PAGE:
A team from the University of Japan have found a unique occurrence in data from Kepler – the first multiple planet eclipse around a star called KOI-94.
KOI-94 has a number of exoplanet candidates. According to the team, one of these candidates was transiting (passing in front of the star) when another planet candidate (on a tighter orbit) passed between the star and the initial planet.
Despite reports that this occurence doesnt have a name, we do actually have a name for it: Syzygy, where three bodies enter a straight-line configuration.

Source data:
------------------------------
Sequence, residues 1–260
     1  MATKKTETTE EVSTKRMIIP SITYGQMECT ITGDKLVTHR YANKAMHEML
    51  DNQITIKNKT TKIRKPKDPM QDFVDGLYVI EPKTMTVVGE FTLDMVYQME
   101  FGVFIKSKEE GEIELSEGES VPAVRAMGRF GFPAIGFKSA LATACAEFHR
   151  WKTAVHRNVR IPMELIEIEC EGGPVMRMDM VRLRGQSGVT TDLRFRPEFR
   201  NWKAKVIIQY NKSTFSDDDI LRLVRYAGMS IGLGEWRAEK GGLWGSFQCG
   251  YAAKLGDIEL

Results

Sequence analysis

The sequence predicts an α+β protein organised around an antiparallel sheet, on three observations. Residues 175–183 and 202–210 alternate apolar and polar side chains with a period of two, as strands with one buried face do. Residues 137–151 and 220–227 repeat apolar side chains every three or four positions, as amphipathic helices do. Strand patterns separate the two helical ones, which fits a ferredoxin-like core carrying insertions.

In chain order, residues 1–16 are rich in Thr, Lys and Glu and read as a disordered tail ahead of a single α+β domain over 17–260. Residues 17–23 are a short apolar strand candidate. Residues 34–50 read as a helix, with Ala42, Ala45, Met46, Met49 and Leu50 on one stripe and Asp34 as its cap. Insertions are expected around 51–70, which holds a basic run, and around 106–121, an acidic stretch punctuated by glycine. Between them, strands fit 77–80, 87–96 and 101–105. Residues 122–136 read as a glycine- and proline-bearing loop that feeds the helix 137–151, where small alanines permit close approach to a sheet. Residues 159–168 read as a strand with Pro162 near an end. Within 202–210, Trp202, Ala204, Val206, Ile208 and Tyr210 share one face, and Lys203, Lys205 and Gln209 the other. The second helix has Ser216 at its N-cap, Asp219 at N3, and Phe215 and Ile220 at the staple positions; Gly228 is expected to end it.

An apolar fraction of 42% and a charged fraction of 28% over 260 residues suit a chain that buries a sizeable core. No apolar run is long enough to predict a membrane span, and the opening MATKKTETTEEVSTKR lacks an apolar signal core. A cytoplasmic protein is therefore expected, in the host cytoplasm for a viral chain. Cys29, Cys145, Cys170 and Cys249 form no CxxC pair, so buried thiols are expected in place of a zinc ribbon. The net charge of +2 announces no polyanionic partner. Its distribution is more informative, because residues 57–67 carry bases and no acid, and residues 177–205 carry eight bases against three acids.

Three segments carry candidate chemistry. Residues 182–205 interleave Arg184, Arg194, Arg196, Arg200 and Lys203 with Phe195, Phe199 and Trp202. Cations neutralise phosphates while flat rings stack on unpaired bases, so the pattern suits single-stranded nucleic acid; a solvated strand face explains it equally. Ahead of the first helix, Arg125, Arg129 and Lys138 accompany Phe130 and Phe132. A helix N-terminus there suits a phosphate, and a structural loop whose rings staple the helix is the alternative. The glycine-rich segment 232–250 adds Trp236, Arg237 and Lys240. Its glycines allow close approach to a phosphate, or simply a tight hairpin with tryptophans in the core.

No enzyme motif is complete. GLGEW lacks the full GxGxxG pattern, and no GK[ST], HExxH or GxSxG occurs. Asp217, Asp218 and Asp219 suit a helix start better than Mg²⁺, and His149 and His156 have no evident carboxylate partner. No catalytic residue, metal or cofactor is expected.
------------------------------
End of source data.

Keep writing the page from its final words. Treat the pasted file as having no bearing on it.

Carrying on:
As the planetary candidates have yet to be confirmed, this theory is the current best guess as to what happened – unless the transiting planet passed over a sunspot.
This article summarised from the abstract at Arxiv.org.
The paper will be published in the Astrophysical Journal Letters: “Planet-Planet Eclipse and the Rossiter-McLaughlin Effect of a Multiple Transiting System: Joint Analysis of the Subaru Spectroscopy and the Kepler Photometry” by Teruyuki Hirano, Norio Narita, Bun’ei Sato, Yasuhiro H. Takahashi, Kento Masuda, Yoichi Takeda, Wako Aoki, Motohide Tamura & Yasushi Suto.